I try not to do politics on the blog, and for that matter I don’t usually swear here either. So if these things might bother you, please look away now – come back next time, when I’ll be discussing the merits of standing desks, or the pros and cons of the Oxford comma! [The comma one’ll never happen – Ed.]
As editors, we quickly discover that one of the main aspects of our job is the ability to fade into the background. We learn to channel other people’s words and thoughts, helping them to express their meaning, while avoiding imposing our own preferences or message. For this reason, usually I try to steer clear of politics when writing here and in my dealings with clients. If I were returning an urgent assignment on the day the world was about to end, say, it’s possible I might refer to it obliquely in my sign-off, but qualified with a smiley face just in case my client happens to think that Armageddon is totally cool.
This morning, though, I woke up with my heart pounding and my head buzzing. For once, I hadn’t had a nightmare about Donald Trump, which was nice. Instead I was fizzing with the need to write about what it feels like to be holding a red pen up against a torrent of bullshit. What it feels like to be editing in times of extreme darkness.
For the record, I’ll briefly nail my colours to the mast. I wish I lived in a world with no borders, where everyone was considered equal, everyone was allowed to live a life following their dreams and interests, there were no weapons, and everyone worried about the environment. Oh, and people wouldn’t die in hospital corridors while they waited for a bed in one of the richest countries in the world. That’s pretty much it. (I know – deluded, right? You can see why I ended up floundering around in a soppy career like editing.)
I could be wrong, but it seems to me that there are riches to go around for everyone, if we only had the will to share them. (Eight richest guys, I’m looking at you.) Surely, too, between us we have the expertise to figure out how to live more sustainably and stop completely fucking up our planet? Of course we do; we’re just prevented from doing this. We’re basically prevented from doing anything that deviates from the commonly understood good of making money and contributing to economic growth. Oh, and building walls around what we have to keep it safe from others.
Against this backdrop, it can sometimes be difficult to buckle down to editing. I climb upstairs to my office, one part of me raring to get stuck in to this book about architectural theory, or that article on multi-coloured lighting solutions … and another part of me is wilting already, and thinking that my job is utterly futile. Outside, the world burns.
And yet. perhaps now is as good a time as any to be working with words. At the moment, it can feel as if words are losing their meanings. Things aren’t what they used to be, that’s for sure, and they’re still changing fast.
For example, back in the summer I discovered that I was one of ‘the 48%’. ‘48% of what?’ you might well ask. Honestly – it hardly matters now. Like everyone else on 23 June 2016, I voted for something, but it sure as hell bore no relation either to the question on the ballot paper, or where we seem to be right now.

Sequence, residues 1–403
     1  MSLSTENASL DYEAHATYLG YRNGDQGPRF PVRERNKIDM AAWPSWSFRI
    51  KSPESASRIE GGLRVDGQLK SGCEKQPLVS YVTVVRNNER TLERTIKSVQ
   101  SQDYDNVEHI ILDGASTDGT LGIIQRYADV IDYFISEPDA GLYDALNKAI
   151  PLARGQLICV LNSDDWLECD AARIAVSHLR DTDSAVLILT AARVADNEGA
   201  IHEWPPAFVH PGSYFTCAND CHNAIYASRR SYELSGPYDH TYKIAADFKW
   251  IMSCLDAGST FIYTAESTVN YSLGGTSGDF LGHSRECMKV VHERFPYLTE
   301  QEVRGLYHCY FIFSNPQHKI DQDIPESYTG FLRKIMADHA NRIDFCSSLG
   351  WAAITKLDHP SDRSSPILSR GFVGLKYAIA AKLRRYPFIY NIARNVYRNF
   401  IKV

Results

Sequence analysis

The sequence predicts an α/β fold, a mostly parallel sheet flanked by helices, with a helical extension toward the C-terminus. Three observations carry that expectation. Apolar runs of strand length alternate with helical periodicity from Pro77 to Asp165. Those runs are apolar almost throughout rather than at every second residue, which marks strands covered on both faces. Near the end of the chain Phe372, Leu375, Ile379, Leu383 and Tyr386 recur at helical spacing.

Anyway, no one really talks about the 48% any more. I’ve since been rebranded, as a Remainer, or a Remoaner, depending which newspaper you read. In the past few days, though, I have been urged by our great leader (don’t get me started) to desist from using this terminology, too. I think, if I understand correctly, I have now been repurposed as a Loser, and my task as a Loser is to give in gracefully, accept The Will of the People, set aside my actual thoughts and feelings and deep misgivings, turn a blind eye to the rampant xenophobia, coat myself in Union Jacks and pull together with all the other 65 million people on this bloody stupid little island and make this thing work. Take Back Control – yeah! Or something.
I’ve probably digressed, but you get my drift. Words matter, perhaps more now than ever. They are being appropriated and used against us. To provoke us into action and reaction; to shape our beliefs. We are told, for example, that something can be great again – not that, in many ways, it already was. We are told that the people have spoken – when strictly speaking, a great many of them are muttering confusedly on the sidelines. We are urged to ignore the pronouncements of experts. We are encouraged to overthrow the ‘elites’ – bearing in mind that elite doesn’t seem to mean what it did two years ago; I’m sure I didn’t used to be an elite, but now I think I’ve been promoted. Words are being used to steamroller our individual feelings and make us conform.
Some people think editors are ‘guardians of language’. I’ve never felt that – I’m not a prescriptivist – but perhaps in these dark times, when words seem to matter so much, and precise meanings matter more than ever, we could instead be vigilantes of nuance, helping in our small way to guard against against the obliteration of free thought and self-expression.
Liz Jones has worked as an editor in the publishing industry since 1998, and has been freelance since 2008. She worries a lot.